Protecting Your Website Forms With Serverless CAPTCHA
If you put a form on one of your web pages, it is wide open to being spammed by anyone on the internet, for their own nefarious purposes. To reduce the noise, web developers often employ a CAPTCHA widget, which tries to ensure that the form filler is human.
As well as the normal form fields, the user will have to tick a “I am not a robot” tick box. Sometimes, they will be asked to solve a numeric, audio or visual puzzle.
- The form is submitted to our server-side script. We are passed the form data and the data the client-side script got from its call to the CAPTCHA API.
- The server side script calls the CAPTCHA API with our server-side ID, the client IP address, and the data we were passed. If the data checks out, we are good to accept the form submission.
CAPTCHA on static websites
My personal homepage, which some say is the fastest website in the world, is a static site built with Jekyll and hosted on GitHub pages. If I’m going to have a contact form, protected by CAPTCHA, then I’m going to need some server-side scripting.
For this we’re going to use IBM Cloud Functions, IBM’s serverless platform, but first we’re going to need to sign up for a CAPTCHA service.
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Sign up for reCAPTCHA
First, sign up for the ReCAPTCHA service, entering your site’s domain name. (Don’t forget to add “localhost” as well as your production domain name if you’re going to develop locally!) You will be supplied with two keys: one for your client-site HTML and the other for your server-side script.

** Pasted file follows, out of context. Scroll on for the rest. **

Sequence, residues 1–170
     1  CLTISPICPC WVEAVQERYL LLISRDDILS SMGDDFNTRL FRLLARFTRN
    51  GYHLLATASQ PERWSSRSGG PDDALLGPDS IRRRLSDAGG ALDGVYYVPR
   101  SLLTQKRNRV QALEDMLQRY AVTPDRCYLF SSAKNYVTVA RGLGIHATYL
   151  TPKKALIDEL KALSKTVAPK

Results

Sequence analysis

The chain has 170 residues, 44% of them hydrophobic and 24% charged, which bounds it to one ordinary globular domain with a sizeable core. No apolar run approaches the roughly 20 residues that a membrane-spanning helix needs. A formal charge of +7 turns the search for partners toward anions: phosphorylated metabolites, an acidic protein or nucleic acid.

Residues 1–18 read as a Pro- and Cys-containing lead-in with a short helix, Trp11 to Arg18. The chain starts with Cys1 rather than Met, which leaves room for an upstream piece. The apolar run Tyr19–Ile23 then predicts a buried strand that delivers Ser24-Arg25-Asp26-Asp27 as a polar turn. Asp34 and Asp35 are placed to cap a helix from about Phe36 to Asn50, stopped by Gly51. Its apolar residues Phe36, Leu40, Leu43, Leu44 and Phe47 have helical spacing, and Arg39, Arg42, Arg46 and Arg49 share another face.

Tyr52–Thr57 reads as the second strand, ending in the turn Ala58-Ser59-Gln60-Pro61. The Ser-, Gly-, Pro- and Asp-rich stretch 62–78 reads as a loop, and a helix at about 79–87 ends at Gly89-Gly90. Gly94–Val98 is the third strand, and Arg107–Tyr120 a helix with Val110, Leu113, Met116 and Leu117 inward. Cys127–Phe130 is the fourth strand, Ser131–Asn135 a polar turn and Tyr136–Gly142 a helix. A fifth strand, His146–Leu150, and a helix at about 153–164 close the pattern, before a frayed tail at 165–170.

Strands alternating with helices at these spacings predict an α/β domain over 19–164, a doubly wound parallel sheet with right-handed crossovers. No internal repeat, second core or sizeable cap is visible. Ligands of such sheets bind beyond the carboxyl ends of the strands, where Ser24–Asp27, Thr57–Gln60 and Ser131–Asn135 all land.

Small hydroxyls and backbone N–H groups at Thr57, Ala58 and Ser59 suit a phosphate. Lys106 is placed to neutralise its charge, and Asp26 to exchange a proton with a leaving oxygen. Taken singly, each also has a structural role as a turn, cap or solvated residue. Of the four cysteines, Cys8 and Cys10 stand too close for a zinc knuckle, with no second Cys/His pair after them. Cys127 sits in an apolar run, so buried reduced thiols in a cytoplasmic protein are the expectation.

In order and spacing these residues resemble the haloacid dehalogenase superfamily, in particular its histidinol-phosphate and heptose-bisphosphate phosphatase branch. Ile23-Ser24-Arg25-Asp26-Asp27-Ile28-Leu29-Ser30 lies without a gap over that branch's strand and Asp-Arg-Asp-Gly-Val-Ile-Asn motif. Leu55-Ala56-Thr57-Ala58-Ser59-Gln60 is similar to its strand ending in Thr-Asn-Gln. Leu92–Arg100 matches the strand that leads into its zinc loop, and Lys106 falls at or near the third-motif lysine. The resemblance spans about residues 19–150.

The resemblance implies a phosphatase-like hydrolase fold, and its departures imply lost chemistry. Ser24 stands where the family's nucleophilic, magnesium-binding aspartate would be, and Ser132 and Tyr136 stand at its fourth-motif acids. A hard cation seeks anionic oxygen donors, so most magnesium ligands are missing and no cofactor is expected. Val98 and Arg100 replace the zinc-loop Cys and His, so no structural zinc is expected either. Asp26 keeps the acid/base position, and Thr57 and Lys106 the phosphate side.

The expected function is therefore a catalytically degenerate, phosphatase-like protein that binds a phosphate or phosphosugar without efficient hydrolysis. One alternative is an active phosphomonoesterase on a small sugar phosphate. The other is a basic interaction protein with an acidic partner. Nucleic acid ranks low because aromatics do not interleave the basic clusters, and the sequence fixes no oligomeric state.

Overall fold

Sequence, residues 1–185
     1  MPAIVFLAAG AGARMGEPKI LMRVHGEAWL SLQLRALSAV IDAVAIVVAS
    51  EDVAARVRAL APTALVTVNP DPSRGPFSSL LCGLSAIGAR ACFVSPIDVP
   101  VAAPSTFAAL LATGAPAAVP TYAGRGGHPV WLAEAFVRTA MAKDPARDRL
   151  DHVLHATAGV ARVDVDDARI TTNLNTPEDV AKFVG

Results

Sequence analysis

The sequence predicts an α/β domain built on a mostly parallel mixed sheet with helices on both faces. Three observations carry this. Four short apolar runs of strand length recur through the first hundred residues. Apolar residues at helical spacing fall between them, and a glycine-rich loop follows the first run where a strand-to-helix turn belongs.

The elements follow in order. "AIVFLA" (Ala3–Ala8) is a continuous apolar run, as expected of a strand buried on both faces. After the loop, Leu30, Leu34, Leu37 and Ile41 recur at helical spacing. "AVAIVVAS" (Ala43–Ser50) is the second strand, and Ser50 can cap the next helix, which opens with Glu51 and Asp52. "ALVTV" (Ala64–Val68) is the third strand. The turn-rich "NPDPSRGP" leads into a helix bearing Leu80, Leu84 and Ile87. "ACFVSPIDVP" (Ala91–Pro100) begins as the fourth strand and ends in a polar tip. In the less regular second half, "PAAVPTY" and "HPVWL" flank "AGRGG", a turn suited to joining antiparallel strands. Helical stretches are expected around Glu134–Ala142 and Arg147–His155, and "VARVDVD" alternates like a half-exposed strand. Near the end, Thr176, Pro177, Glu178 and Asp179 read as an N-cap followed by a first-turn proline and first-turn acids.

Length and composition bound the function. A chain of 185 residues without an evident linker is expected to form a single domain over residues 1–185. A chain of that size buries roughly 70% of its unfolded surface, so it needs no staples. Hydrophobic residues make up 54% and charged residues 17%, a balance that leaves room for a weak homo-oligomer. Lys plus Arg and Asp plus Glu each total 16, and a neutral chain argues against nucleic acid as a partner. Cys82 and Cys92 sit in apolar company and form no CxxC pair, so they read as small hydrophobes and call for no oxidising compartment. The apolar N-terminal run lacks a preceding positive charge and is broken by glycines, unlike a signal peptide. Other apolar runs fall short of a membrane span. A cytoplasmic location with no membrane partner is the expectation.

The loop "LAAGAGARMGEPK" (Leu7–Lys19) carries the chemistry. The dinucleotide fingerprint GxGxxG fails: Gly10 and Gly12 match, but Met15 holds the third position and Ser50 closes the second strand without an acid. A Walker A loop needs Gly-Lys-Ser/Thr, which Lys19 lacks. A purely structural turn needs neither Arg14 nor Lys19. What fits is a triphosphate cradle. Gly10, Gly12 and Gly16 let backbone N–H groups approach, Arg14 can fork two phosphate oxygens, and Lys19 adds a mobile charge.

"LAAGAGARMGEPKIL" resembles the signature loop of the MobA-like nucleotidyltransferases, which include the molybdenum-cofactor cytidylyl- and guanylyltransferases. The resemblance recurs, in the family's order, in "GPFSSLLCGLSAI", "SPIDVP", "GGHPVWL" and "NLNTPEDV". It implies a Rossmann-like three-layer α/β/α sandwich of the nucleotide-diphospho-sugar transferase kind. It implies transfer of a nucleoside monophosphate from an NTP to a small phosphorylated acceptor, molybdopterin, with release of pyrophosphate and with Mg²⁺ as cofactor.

Build a form
Our form is as simple as can be. Just a plain HTML form with a submit button.
You’ll need to replace
RECAPTCHA_KEY with your ReCAPTCHA service's client-side key. We don't know the form's action URL yet. That comes next.
Cloud Functions code
When working with a serverless platform, your code can be nice and simple because the platform handles almost everything for you — you only need to write the code that will execute when each event (in this case a form fill) occurs.
Here’s our complete code:
Its job is to:
- Collect the caller’s IP address, the
g-recaptcha-responsefield from the submitted form and the ReCAPTCHA secret and send it to the ReCAPTCHA API.
- If this request succeeds we can trust the data in the form and bounce the user to a static success page.
- If the request fails, we can ignore the form submission and bounce the user to a static failure page.
Assuming I have the bx wsk installed and configured, then deploying the code is easy:
This is the URL that goes into the action attribute of your HTML form. That’s it!
Make your serverless script do something
If you’ve been paying attention, you may have noticed that the script, once it’s verified that the CAPTCHA submission is valid, doesn’t actually do anything useful with the form data. That’s easily fixed. You could:
- Call a Slack Incoming Webhook to make a message appear on your Slack channel.
- Write a document to a Cloudant database to save your form data for posterity.
- Call the Twilio API to send a text message to your phone.
It’s up to you!
You don’t need to use a serverless platform to handle your form submissions, but it does have several advantages in running your own web service:
- You don’t have to pay to run a server 24x7 that you have to manage. Just upload your code to the serverless platform, and it will invoke your code when it’s needed.
- IBM Cloud Functions has a generous free tier. If you’re not expecting many form fills, then you may not have to pay anything.
- Your code is smaller because you don’t need to code the web server, routing or queuing — only the code that does the work.
- Scaling is the platform’s responsibility. If a burst of thousands of form fills arrive in a short space of time, the platform will scale up to cope with the demand.
If you want to see this in action, visit my homepage, click on the contact button, and fill in my form. I should get your message in my Slack channel!